9. Ian W. McLean, 1991. "Saving in Settler Economies: Australian and North American Comparisons," School of Economics Working Papers, University of Adelaide, School of Economics 1991-07, University of Adelaide, School of Economics.
  10. Jose-Victor Rios-Rull, 1997. "Computation of equilibria in heterogeneous agent models," Staff Report, Federal Reserve Bank of Minneapolis 231, Federal Reserve Bank of Minneapolis.
  11. Alan G. Green & Gordon R. Sparks, 1996. "Population growth and the dynamics of Canadian development: a multivariate time series approach," Economic History Working Papers, London School of Economics and Political Science, Department of Economic History 22414, London School of Economics and Political Science, Department of Economic History.
  12. Alan J. Auerbach & Laurence J. Kotlikoff & Robert P. Hagemann & Giuseppe Nicoletti, 1989. "The Economic Dynamics of an Ageing Population: The Case of Four OECD Countries," OECD Economics Department Working Papers 62, OECD Publishing.
  13. Huggett, Mark, 1996. "Wealth distribution in life-cycle economies," Journal of Monetary Economics, Elsevier, Elsevier, vol. 38(3), pages 469-494, December.
  14. Edward J. Chambers & Donald F. Gordon, 1966. "Primary Products and Economic Growth: An Empirical Measurement," Journal of Political Economy, University of Chicago Press, University of Chicago Press, vol. 74, pages 315.
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Cited by:
  1. Hugo Benítez-Silva & Eva Cárceles-Poveda & Selçuk Eren, 2011. "Effects of Legal and Unauthorized Immigration on the U.S. Social Security System," Working Papers, University of Michigan, Michigan Retirement Research Center wp250, University of Michigan, Michigan Retirement Research Center.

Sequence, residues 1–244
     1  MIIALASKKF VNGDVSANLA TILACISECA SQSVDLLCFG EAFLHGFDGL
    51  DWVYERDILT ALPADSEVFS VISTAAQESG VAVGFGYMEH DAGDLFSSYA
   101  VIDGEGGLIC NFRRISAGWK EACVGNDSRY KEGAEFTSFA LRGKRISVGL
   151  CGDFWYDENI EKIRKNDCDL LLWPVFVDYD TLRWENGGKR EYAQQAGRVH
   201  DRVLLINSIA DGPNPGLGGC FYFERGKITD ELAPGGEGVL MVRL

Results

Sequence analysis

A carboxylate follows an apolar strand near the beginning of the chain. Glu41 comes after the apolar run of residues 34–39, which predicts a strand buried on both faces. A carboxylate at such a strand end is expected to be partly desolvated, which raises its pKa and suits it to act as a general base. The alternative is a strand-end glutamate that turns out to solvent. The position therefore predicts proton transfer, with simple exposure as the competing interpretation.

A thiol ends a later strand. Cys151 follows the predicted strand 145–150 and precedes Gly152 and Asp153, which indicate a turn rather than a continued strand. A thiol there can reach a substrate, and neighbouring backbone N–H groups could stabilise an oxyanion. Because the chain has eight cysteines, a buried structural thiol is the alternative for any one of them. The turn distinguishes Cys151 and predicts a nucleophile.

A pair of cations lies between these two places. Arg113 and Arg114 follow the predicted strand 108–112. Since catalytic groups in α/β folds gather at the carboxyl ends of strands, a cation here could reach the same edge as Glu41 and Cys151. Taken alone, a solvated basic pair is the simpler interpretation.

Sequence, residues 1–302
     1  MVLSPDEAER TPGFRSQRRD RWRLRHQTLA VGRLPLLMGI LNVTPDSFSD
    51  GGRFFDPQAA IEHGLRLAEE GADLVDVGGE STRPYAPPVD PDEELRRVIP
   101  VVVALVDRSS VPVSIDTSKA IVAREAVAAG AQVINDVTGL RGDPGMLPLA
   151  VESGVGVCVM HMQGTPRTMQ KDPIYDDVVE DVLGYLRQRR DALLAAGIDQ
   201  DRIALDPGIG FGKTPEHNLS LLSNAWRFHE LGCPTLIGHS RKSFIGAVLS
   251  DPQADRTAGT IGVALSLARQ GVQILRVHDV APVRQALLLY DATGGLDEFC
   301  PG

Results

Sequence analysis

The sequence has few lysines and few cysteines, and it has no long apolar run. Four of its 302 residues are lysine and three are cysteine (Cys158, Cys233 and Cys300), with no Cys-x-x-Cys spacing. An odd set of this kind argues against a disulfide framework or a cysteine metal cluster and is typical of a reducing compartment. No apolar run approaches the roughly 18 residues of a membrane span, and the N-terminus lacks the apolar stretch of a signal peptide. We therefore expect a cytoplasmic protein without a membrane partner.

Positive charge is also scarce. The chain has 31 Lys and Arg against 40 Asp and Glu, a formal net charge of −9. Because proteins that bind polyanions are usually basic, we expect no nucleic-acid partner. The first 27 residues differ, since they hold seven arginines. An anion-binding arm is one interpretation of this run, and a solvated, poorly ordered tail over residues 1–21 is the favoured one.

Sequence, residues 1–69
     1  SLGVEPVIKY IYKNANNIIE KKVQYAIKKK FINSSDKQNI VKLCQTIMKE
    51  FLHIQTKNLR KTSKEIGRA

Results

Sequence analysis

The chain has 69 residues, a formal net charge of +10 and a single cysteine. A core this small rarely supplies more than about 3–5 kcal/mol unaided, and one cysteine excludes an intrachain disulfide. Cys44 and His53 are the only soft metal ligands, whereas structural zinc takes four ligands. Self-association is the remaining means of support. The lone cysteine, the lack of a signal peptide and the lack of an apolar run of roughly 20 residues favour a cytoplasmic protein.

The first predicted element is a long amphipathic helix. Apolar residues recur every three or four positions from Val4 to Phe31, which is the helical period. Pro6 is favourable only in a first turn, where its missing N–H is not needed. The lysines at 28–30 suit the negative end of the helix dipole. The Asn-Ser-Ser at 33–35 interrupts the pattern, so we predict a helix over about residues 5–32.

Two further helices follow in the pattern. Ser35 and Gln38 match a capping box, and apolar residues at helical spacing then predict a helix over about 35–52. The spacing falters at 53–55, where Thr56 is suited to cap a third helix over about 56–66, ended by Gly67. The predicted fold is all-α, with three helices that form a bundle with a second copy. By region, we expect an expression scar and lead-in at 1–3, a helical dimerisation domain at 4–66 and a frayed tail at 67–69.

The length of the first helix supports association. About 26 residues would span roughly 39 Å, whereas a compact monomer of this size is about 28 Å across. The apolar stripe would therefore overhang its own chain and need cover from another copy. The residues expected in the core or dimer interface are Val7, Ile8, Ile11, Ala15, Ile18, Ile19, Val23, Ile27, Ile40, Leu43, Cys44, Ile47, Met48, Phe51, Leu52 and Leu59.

2. Lange, Fabian & Gollin, Douglas, 2007. "Equipping Immigrants: Migration Flows and Capital Movements," IZA Discussion Papers 2745, Institute for the Study of Labor (IZA).
  3. Douglas Gollin & Eric Van Dusen & Harvey Blackburn, 2008. "Animal genetic resource trade flows: Economic assessment," Center for Development Economics, Department of Economics, Williams College 2008-02, Department of Economics, Williams College.
  4. Chu, Kam Hon, 2010. "Bank mergers, branch networks and economic growth: Theory and evidence from Canada, 1889-1926," Journal of Macroeconomics, Elsevier, Elsevier, vol. 32(1), pages 265-283, March.
  5. Cat Moody, 2006. "Migration and Economic Growth: a 21st Century Perspective," Treasury Working Paper Series 06/02, New Zealand Treasury.
  6. Selcuk Eren & Hugo Benitez-Silva & Eva Carceles-Poveda, 2011. "Effects of Legal and Unauthorized Immigration on the US Social Security System," Economics Working Paper Archive, Levy Economics Institute wp_689, Levy Economics Institute.
  7. Douglas Gollin & Fabian Lange, 2013. "Equipping immigrants: migration flows and capital movements in small open economies," Review of World Economics (Weltwirtschaftliches Archiv), Springer, Springer, vol. 149(4), pages 749-777, December.
  8. Boldrin, Michele & Montes, Ana, 2013. "Modeling an Immigration Shock," MPRA Paper 56765, University Library of Munich, Germany, revised 20 Jun 2014.